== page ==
The round plastic packer bottles for gummies and capsules are preprinted and manually filled. Compliance labels are printed using two Zebra ZD420T printers with peelers, two Zebra ZT230s, also with peelers, and one Zebra ZT620 with an I/O interface, so it can be used with the Auto Labe applicator, if required. Currently the compliance labels are hand applied.
The plastic snap cases for lozenges are also supplied decorated by the manufacturer, and compliance labels are printed at the point of packaging using a Zebra ZD420, after which they are manually applied to the bottom of the case. A ZD420 label printer is also used to print the labels for the cannabis oil, which is packaged in syringes that are then placed in pouches. The label is applied to the outer pouch by hand. The same process is used for the vape cartridges as well, where the label is printed on the ZD420 and applied manually on the outer case.
Eventually Grow Ohio plans to bring all label printing in-house. “We had a meeting with a couple of our partners to figure out when’s the right time to get equipment for in-house printing capabilities,” says Hunt. “I personally think we’ll know by the numbers. We’re monitoring sales, we’re looking at our costs of goods sold, we know what it costs for some of these higher-quality labels. So what is the break-even point of bringing label printing in-house? We’re not there yet. My guess is probably within 2020 we’ll look to ADI and some of our other partners and say, ‘Okay, we’re doing this in house. What do we need?’”
When that time comes, Hunt says Grow Ohio will be looking for equipment that is flexible enough to print six different label sizes, dimensions, and types on one unit. Adaptability to print both compliance information and high-quality brand labels will also be vital.
Anticipating exponential growth
Likewise, Grow Ohio is watching the numbers to determine how and when to automate other packaging processes that are now being done manually. Hunt says the company has six packaging lines, for gummies, flower, lozenges, tinctures, syringes, and vape cartridges. However, the only things currently automated are liquid filling of tinctures, can dosing/seaming, and label printing and application.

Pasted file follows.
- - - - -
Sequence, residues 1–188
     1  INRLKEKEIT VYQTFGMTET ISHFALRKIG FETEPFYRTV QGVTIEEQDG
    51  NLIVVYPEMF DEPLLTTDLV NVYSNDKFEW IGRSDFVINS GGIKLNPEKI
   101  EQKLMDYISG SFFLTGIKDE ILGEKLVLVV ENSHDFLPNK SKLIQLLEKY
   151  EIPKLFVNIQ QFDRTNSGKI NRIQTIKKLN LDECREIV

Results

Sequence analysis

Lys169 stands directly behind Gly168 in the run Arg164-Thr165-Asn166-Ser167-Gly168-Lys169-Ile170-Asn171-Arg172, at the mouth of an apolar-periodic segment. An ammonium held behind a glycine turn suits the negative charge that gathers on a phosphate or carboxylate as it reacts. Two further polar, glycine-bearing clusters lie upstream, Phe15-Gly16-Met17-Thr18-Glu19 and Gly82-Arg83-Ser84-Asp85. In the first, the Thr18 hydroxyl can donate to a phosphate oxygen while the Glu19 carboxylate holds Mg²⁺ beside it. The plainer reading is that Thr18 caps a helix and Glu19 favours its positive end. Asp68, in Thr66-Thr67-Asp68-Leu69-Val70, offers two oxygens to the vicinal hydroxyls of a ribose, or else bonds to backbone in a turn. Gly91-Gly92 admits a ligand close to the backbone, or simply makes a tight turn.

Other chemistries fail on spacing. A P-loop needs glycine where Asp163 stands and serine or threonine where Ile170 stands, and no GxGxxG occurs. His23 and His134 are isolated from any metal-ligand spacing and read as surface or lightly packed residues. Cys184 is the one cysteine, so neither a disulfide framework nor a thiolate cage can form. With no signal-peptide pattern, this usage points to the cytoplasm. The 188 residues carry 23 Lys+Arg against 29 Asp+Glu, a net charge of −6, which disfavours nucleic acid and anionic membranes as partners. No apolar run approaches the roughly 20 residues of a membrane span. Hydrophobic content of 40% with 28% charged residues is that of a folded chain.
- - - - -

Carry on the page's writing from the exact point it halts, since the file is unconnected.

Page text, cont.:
“It’s so easy when you’re early on in a new operation to make a bad decision on packaging and labeling equipment before you really know what it is you’re fully going to be doing,” says Barker. “You can spend a whole lot of money and then regret it. So I think Grow Ohio chose the right path by easing into it. Plus, their demand starting out was in small batches that needed to turn quickly—so it really didn’t lend itself to automated machinery.”
Hunt is optimistic about the future growth of the medical marijuana market in Ohio. “Sales to date have been right around $50 million since the program started, which is about one year, but the potential is much higher,” he says.
“In year one, for any medical market, you’re going to see a very slow rollout. It’s what people in the industry refer to as ‘hockey-stick growth.’ So think of a hockey stick position: In the first and second year, you’re going to see a little bit of growth. And then it typically just takes off year three. The reason for that is, the first year you’re getting the licensees operational. The second year, patients are getting a feel for the market. Prices might be a little bit high, so the patient numbers aren’t quite as high. But then as prices come down, patients will start to explore this as an alternative medicine. You’re going to see more people buying, you’re going to see more people producing, that competition will help regulate the pricing, and you will ultimately see much higher sales numbers in that third year,” Hunt explains.
With the ability to harvest from 5,000 to 7,000 lb of flower per year, with only half the facility utilized, Grow Ohio is well positioned to supply the market when it does begin its exponential growth. And, with its labeling strategies in place, it is also very well equipped to adapt as the market evolves.